US Seeks to Preempt Russian Influence Operation Targeting Latin America

The Spanish-language article with a Moscow dateline and a provocative headline first appeared in early August, suggesting a heist of sorts was underway in Ukraine.

“Why are sacred objects being transferred to the West from Ukraine?” it asked, describing an effort to send Ukrainian religious relics to the United States and other countries to plunder Ukraine’s riches under the guise of saving them from destruction in the war between Kyiv and Moscow.

But according to U.S. officials, the real ruse was the article itself, an early example of a Russian influence operation aimed at winning hearts and minds for the Russian cause across Latin America.

Even the author, listed as Nadia Schwarz, may be a figment of someone’s imagination.

“I honestly don’t know if that’s a real name or not,” a U.S. State Department official told VOA on the condition of anonymity, describing the article as “just a blatant falsehood.”

The official discussing details of the Russian influence operation, said it is difficult to know whether the article gained any traction.

The organization that published the article, Pressenza, does not show page views on its website. And a post on X, formerly known as Twitter, managed only 24 views.

The U.S. official said the lack of attention is just proof the Russian operation is still “in its early stages.”

“It hasn’t really gotten off the ground,” the official said. “What they would have originally done with this article, the type of amplification they would have probably like to see – the full infrastructure isn’t there.”

And that, the official said, is why the U.S. decided to go public, issuing a statement earlier this month, Nov. 7, describing the Russian operation in detail.

The State Department described the Russian effort as an “on-going, well-funded disinformation campaign” spanning at least 13 countries, from Argentina and Chile in the south all the way up to Mexico in the north.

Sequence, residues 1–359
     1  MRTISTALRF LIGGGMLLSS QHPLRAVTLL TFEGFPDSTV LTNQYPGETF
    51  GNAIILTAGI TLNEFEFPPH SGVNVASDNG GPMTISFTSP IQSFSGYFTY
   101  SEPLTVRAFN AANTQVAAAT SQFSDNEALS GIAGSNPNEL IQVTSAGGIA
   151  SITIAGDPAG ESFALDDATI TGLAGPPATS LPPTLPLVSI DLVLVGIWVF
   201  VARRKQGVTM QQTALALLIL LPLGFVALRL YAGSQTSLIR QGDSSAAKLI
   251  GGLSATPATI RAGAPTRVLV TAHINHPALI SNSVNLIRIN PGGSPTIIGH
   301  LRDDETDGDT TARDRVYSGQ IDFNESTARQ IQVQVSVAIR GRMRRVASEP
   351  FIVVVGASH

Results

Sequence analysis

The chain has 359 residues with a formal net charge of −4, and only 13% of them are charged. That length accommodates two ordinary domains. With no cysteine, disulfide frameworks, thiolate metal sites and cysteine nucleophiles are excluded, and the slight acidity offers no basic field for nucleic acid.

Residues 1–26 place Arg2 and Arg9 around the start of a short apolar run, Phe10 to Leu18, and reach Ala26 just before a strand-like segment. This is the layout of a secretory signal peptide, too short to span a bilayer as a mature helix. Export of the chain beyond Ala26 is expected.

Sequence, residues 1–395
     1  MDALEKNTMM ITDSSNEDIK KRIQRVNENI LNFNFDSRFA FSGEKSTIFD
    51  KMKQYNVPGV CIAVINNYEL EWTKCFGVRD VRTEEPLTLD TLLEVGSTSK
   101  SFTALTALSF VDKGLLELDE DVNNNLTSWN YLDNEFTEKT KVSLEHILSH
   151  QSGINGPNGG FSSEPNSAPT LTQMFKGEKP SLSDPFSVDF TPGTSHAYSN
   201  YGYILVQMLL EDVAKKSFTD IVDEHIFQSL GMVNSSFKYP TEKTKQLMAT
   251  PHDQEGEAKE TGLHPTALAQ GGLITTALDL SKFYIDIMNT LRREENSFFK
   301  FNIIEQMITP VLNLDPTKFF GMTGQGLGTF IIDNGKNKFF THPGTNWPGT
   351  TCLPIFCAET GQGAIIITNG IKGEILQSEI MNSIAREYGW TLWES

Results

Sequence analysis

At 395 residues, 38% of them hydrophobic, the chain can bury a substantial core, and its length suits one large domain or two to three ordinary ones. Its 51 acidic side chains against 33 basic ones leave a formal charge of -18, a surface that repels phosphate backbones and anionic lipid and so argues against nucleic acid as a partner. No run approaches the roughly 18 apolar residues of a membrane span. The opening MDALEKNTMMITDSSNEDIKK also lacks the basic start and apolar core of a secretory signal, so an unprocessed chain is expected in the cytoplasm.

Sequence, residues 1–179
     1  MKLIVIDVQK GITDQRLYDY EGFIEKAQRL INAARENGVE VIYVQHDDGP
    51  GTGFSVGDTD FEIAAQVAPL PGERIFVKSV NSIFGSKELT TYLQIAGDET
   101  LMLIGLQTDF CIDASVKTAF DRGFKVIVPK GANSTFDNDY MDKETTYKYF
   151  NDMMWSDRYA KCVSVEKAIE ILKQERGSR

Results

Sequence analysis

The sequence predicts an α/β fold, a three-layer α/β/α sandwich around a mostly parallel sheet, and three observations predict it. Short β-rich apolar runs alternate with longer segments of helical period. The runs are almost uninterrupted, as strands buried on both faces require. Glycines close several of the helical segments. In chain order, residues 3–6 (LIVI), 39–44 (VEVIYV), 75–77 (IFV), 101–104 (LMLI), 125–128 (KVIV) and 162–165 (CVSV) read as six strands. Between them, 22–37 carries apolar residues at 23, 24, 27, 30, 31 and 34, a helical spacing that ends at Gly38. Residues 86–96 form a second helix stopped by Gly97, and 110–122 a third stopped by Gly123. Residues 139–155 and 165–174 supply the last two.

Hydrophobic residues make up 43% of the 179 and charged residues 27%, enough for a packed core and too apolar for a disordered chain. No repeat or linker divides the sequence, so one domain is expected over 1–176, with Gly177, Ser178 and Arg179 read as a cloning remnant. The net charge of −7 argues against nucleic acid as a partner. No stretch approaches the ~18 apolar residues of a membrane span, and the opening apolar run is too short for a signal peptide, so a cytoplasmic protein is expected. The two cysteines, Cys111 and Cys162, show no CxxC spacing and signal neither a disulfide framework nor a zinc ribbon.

The plan, according to U.S. officials, was to have Russian public relations and internet companies recruit and cultivate Latin American journalists, influencers and public opinion leaders, to seed their publications and broadcasts with content favorable to Moscow while hiding any links to the Kremlin.

“They’ve been somewhat successful in using RT [Russia Today] and Sputnik in Latin America,” said State Department Global Engagement Center Special Envoy and Coordinator James Rubin.

“The difference here is they’re trying to operate surreptitiously. They’re trying to create content in Russia and launder it through Latin American journalists,” Rubin told VOA. “They are covertly co-opting local media and influencers to spread disinformation and propaganda.”

In addition to Pressenza, which is based in Italy and Ecuador, and which publishes in eight languages, including Spanish, Portuguese and English, the alleged network includes Chile’s El Ciudadano news site, as well as websites serving Argentina, Bolivia, Brazil, Colombia, Cuba, Ecuador, Mexico, Panama, Paraguay, Peru, Uruguay and Venezuela.

U.S. officials said it is unclear how many of the journalists and opinion leaders are aware they are being fed Russian disinformation, though a senior State Department official told VOA, “There are definitely some willing participants.”

Others involved in the network may be so-called “useful idiots” – sympathetic to the Russian viewpoints but unaware that the directions are coming from Moscow.

Both Pressenza and El Ciudadano deny the U.S. allegations.